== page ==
Land and Resources, Plant and Animal Life
species of flowering plants, Nepenthes rajah, Imperata cylindrica, coarse grass, king cobras
Malaysia has abundant plant life in its coastal mangrove forests; in lowland tropical forests; and, at elevations over 1,200 m (3,900 ft), in mossy or montane oak forests. The country harbors an estimated 8,000 species of flowering plants, including 2,500 species of trees. The lowland forests contain some of the most important commercial timber species, including mahogany and teak. These trees often attain heights of more than 50 m (160 ft) and grow to about 3 m (about 10 ft) in circumference. Where forested areas are cleared, the ground is rapidly taken over by a coarse grass called Imperata cylindrica, an invasive weed that displaces other vegetation. The world’s largest flower, the rafflesia, grows in East Malaysia. Sabah contains the largest of the pitcher plants, the Nepenthes rajah, which can hold up to 2 liters (0.5 gallon) of water. Approximately one-quarter of the land in Malaysia is cultivated or used for plantation agriculture.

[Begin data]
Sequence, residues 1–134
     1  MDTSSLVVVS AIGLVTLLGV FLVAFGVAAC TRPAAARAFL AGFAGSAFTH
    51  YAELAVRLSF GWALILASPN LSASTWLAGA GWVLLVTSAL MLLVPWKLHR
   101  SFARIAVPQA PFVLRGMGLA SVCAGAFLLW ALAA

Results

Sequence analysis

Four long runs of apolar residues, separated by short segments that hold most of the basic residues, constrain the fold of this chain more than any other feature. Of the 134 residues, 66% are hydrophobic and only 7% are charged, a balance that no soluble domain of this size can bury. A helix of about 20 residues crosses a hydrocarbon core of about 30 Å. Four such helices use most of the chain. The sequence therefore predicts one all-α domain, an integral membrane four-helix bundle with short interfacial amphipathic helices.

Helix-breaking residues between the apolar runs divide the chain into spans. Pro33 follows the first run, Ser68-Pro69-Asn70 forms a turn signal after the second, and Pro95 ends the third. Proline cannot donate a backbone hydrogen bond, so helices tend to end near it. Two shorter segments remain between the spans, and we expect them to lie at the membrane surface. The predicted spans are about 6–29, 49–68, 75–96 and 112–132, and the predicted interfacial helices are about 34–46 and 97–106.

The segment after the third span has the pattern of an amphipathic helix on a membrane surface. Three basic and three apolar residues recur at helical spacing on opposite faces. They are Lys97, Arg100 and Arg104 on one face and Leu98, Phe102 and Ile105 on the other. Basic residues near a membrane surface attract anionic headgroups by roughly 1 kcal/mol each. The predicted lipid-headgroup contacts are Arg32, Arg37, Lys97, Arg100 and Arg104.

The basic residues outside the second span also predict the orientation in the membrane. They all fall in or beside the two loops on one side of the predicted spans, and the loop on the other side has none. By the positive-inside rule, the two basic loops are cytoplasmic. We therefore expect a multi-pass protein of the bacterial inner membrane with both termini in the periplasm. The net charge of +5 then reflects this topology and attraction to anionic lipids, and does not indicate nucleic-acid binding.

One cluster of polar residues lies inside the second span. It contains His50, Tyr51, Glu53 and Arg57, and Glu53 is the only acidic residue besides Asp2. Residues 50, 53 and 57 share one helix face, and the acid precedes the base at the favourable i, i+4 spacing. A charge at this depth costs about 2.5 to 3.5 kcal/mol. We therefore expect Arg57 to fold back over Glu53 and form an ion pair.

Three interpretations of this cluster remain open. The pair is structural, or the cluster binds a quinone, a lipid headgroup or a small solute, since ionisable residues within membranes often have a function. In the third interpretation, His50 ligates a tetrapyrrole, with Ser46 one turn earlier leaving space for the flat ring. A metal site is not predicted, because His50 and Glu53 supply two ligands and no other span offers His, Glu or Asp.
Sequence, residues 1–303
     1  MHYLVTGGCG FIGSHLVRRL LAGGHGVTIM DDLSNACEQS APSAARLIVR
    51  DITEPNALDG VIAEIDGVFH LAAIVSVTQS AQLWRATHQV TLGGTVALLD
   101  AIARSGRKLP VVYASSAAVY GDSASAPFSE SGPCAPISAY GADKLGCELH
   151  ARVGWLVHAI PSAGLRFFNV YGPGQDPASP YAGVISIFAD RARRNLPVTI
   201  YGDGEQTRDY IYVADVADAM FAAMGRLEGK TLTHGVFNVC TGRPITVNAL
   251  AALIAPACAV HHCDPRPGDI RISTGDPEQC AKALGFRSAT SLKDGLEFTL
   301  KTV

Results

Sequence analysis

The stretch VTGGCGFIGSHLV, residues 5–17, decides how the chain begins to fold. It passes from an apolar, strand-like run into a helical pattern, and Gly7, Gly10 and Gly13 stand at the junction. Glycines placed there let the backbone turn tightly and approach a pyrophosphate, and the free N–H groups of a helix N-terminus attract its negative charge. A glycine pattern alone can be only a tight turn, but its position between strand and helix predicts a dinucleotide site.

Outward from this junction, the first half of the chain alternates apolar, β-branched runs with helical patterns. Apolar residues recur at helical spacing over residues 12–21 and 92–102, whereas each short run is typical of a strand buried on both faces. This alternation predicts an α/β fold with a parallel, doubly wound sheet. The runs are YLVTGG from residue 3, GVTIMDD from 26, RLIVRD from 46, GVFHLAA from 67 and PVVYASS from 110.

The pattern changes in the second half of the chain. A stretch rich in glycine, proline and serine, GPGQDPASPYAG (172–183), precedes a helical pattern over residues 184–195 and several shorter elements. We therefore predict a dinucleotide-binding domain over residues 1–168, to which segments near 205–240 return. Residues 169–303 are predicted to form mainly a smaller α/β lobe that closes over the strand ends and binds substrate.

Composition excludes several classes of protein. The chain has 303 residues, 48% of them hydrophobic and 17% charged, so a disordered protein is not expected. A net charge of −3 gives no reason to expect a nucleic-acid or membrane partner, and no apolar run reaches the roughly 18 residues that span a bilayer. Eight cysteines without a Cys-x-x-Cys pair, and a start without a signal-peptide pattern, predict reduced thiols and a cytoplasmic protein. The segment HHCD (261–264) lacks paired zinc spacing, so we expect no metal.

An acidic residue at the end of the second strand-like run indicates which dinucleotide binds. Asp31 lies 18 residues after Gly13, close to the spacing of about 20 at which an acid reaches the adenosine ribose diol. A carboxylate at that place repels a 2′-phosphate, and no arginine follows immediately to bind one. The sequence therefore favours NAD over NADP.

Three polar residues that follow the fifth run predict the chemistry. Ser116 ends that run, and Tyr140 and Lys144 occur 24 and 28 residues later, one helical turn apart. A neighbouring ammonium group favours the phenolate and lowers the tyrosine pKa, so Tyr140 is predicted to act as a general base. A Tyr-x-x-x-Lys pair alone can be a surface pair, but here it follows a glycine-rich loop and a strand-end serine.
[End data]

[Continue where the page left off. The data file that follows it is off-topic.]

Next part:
Like other tropical forests, Malaysia’s forests include an enormous variety of animal life. Large mammals include Asian elephants; tigers; sun bears; tapirs; several species of deer; and rhinoceroses, which are endangered. Malaysia’s primates include the endangered orangutans and three species of protected gibbons. Other animals include numerous birds (about 650 species of birds exist in Peninsular Malaysia alone); more than 100 species of snakes, including king cobras and pythons; and many amphibians, including crocodiles and 80 species of lizards. Malaysia is renowned for its huge insect population, including many species of butterflies and moths. Some insects, including mosquitoes, hornets, red ants, scorpions, and certain spiders, can be harmful to people.
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